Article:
Creating Jobs by Investing in Innovation
Meanwhile, other nations have looked critically at the building blocks of innovation and to enhance their competitive position. Governments across Europe and Asia have invested in science, technology, engineering, and math education for their children and young workers; in worker retraining programs for the existing workforce; and in fostering regional innovation ecosystems and industrial clusters. They’ve also invested in gathering the metrics and data that their policymakers need to make good innovation policy and have coordinated their governments’ efforts around the interrelated innovation functions of industry, trade, and technology.
But with Washington finally turning its eye toward the important priority of job creation, perhaps it is time to seize the opportunity to retool our policies to be competitive in the cutting-edge economy of the 21st century. But make no mistake, policy alone cannot produce innovation. Hardworking Americans must do that. But policy can help create the economic and social conditions that promote innovation.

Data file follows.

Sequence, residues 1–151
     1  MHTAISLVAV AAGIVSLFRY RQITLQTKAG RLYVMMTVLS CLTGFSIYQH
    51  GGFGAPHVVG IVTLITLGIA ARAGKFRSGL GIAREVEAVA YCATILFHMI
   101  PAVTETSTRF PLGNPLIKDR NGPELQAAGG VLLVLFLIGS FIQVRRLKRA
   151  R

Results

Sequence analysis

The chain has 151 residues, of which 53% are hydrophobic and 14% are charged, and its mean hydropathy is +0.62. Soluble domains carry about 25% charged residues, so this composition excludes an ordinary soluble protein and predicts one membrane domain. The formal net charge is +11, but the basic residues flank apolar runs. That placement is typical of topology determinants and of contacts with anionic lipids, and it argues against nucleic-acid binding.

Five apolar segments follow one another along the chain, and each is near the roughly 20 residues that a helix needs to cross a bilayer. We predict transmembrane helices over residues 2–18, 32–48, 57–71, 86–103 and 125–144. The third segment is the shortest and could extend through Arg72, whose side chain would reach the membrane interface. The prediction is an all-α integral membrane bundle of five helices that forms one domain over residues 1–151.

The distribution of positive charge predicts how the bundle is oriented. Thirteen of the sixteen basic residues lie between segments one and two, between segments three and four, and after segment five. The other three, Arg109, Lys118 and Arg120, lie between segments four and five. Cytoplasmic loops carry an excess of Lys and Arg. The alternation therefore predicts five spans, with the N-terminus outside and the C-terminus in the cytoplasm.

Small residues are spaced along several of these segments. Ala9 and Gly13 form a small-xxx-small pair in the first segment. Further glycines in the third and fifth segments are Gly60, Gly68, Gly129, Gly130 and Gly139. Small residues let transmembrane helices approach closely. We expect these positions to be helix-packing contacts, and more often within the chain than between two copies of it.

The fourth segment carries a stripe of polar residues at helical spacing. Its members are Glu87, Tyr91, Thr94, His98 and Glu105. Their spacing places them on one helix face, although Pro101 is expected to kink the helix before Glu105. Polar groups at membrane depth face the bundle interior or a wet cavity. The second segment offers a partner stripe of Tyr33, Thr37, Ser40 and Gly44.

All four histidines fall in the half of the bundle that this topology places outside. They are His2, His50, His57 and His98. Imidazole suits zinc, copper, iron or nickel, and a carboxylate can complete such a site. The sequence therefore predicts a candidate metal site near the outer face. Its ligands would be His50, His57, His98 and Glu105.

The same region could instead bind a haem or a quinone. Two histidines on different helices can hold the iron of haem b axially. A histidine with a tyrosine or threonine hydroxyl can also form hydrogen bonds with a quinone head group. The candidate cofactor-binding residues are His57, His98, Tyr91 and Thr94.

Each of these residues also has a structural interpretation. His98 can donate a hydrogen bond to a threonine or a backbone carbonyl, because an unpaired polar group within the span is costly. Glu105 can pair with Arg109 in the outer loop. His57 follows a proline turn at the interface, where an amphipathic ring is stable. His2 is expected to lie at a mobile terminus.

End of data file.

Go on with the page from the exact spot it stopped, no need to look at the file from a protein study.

There is no question about what we need to do to create jobs, turn around our economic stagnation, and create optimism for American families and businesses. We know that we cannot simply give tax breaks to big corporations and expect the benefits to trickle down. Instead, we need to invest in the building blocks of innovation and empower the next generation of innovators, entrepreneurs, and motivated, everyday working Americans to “trickle up” and invent their own destinies.
What are these building blocks? Science Progress and the Center for American Progress’s Doing What Works project aim to answer these questions in a series of papers to be released over the course of the next four months. These papers will address six major areas where making smart, progressive investments in innovation can lay the foundation for job creation and future growth.